I recently sat across from a client who was sobbing uncontrollably. As he struggled to breathe through his tears, he choked out memories of the ways in which he has experienced cruelty from others- from family, peers, even strangers. After years of training and experience in psychology and therapy, what stood out most to me wasn’t a theory or conceptualization of this person- the thought that kept occurring to me was that this person needed real, basic, human kindness. It won’t undo the years of hurt, and it isn’t quite that simple, but it would make a huge difference in the world of someone who hasn’t experienced much of it.
After I got over my anger toward these people, I started to think more about kindness and how much he, and all of us, could use a little more of it our lives. And so, it prompted this list on 5 things about kindness that are important to know.
1. It is important.
This might seem obvious, but it’s something we often forget in this digital age where we leave text conversations abruptly, sometimes leave messages hanging for days, or make nasty comments on a website as if there isn’t a real person behind it. One small act of kindness can change someone’s entire day. Think about the person who gets their drink paid for at Starbucks by a complete stranger- how many people do they tell that story to with a smile on their face? And one small act of unkindness can ruin a person’s entire day- A woman recently told me a story about how she overheard a man make a comment about her weight to his friends; she left the party in tears. Sometimes something fleeting and largely meaningless to you has a huge effect on others. Don’t think that your actions and words don’t have an impact.
2. It’s not always all that difficult
A smile, letting someone merge in front of you in a traffic jam, holding the door for someone. These are all small acts, but they add up to make the world a kinder place. You might just be the person who brightens up someone’s otherwise awful day and it only took seconds for you to do it.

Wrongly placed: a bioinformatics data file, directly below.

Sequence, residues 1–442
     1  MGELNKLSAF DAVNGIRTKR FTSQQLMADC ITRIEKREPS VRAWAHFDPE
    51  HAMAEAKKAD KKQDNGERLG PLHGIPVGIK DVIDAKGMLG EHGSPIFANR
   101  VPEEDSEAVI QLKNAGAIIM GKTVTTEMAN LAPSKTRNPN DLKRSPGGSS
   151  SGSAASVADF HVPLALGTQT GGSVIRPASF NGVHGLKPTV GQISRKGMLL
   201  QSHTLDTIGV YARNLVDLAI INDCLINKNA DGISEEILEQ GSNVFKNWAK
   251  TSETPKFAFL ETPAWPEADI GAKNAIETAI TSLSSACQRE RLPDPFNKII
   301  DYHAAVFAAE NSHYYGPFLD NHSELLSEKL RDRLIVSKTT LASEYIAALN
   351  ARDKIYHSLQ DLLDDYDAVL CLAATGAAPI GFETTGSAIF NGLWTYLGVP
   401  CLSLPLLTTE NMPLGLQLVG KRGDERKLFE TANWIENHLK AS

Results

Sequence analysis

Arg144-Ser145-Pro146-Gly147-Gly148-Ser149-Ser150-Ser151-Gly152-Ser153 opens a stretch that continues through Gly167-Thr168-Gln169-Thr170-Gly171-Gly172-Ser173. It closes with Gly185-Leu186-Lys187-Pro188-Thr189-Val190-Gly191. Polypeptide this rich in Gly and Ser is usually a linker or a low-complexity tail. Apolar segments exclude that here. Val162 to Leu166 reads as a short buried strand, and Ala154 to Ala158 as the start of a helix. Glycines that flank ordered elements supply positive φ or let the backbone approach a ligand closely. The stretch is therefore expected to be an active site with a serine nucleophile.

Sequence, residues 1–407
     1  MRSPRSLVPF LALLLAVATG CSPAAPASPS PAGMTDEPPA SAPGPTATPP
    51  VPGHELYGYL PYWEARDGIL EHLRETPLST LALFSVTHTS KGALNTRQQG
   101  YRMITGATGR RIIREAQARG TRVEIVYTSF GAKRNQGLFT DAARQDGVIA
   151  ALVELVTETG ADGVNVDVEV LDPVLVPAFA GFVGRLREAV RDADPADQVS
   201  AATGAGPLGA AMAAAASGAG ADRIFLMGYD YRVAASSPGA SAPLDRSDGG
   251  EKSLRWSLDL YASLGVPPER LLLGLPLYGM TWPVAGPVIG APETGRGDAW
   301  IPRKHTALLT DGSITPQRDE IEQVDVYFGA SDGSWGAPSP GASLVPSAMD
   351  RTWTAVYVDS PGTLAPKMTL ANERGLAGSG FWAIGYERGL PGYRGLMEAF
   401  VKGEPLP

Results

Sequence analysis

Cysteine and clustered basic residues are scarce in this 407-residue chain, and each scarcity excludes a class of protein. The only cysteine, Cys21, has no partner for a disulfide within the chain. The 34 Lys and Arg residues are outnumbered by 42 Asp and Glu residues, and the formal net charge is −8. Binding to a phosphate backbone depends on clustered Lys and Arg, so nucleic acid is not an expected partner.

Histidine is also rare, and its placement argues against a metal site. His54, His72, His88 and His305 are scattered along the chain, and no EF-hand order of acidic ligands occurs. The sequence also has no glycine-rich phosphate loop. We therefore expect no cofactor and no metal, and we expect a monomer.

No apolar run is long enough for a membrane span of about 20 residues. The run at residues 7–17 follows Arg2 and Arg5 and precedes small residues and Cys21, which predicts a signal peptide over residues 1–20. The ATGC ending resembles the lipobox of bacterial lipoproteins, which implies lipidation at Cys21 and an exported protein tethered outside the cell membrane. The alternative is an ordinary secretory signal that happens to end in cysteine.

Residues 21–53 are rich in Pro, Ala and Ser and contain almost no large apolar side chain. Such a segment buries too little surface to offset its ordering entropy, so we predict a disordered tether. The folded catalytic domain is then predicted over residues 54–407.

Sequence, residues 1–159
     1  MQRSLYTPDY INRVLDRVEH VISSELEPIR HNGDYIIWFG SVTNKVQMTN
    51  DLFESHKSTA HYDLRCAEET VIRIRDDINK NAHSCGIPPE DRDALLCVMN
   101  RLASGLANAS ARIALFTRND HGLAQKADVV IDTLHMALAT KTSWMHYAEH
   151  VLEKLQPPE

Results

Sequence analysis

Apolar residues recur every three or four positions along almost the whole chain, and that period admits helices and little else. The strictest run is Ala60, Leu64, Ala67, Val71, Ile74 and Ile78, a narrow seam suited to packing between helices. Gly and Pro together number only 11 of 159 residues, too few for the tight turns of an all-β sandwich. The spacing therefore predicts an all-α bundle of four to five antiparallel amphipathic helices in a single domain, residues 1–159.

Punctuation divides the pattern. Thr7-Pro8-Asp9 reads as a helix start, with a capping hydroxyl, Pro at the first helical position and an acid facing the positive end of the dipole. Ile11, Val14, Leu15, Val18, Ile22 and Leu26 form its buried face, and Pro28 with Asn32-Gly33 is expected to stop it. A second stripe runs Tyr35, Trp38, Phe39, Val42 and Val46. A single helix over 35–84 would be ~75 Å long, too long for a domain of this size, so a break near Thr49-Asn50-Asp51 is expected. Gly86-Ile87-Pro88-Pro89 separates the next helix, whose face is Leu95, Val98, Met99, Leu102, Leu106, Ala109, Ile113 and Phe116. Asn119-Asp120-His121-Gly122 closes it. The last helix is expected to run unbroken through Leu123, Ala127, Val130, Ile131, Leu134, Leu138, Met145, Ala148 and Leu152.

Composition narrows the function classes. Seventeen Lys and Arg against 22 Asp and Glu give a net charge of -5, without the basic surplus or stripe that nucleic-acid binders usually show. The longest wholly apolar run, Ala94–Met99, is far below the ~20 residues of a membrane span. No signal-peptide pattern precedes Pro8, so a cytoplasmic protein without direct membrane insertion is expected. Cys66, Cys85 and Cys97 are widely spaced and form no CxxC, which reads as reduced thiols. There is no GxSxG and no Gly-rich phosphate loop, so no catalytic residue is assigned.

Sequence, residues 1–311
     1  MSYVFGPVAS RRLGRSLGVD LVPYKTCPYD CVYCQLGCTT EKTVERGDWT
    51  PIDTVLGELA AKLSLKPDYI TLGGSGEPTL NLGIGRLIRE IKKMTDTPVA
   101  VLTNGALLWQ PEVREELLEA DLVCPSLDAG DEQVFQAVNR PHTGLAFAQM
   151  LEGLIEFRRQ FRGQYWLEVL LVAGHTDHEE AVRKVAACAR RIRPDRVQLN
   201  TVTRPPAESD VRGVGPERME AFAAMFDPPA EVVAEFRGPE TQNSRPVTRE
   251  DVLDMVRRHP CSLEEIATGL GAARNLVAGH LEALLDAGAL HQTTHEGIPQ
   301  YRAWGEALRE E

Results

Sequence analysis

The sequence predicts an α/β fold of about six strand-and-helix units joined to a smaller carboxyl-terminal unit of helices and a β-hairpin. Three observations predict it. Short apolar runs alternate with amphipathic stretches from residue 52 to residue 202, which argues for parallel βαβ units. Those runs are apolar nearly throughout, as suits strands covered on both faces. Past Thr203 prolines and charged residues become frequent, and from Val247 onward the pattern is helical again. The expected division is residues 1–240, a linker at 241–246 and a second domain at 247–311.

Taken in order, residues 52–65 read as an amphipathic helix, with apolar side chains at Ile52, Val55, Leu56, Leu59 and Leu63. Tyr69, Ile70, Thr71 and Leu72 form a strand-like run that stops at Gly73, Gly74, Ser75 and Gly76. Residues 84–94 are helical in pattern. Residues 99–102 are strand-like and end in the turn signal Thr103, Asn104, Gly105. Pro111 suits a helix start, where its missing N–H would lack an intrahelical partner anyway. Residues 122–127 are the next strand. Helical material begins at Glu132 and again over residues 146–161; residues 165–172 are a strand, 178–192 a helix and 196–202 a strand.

3. Sometimes we don’t do it to protect ourselves
Sometimes being kind means we have to be vulnerable. A snarky, sarcastic comment is an effective shield against feeling vulnerable. Siting with someone in pain, acknowledging someone’s anger towards you without shutting it down, even allowing yourself to feel the true joy of an incredible moment is a raw place to be. It’s much easier to throw up our defenses and be guarded. Kindness takes courage.
4. Being kind doesn’t always mean making others happy
One misconception about kindness that seems to be common, and one that I often struggle with, is that kindness means never making others upset, never rocking the boat. But, in fact, sometimes the kindest thing you can do hurts someone else. Telling the person you went on a date with that you have no interest in pursing things further seems mean. But really, it’s far worse to string someone along and give them false hope. Sure, it’s difficult to upset someone, but over the long term, you’ve done the kinder thing. A lot of people say that they don’t do such things because they don’t want to hurt the other person’s feelings, but in fact, it’s often the case that they just don’t want to deal with their own discomfort around it- see point 3.
5. It can make you happier
People often equate being kind with being overly, sometimes insincerely, nice, which seems depleting and exhausting. But being kind doesn’t always mean being particularly nice (see point 4) and it’s often the case that being kind is more fulfilling. Some of the happiest people I know are the truly kind ones- they set boundaries for others and themselves (read: they know how to say no), they treat others with love and understanding, and, not so shockingly, people tend to like them more. When someone cuts you off in traffic, it’s easy to throw up your middle finger and get angry. In that moment, and in the moments following, you will be full of anger. It’s more difficult to breathe, laugh it off, and go on your way. But just that simple change means that you have avoided a few minutes of unnecessary anger. (It’s important to note here that being kind doesn’t mean allowing yourself to be taken advantage of; remember, being kind also means setting limits and being kind to yourself). Approaching the world with a kinder heart inevitably results in more happiness.
I could’ve responded to the client I mentioned above in many ways that I’ve learned, but I knew that wasn’t what he needed in that moment. We often make things so complicated when sometimes the solution is simple. Be kind- to others, to yourself, to the environment. If everyone lived by these rules, our world would be a very different place.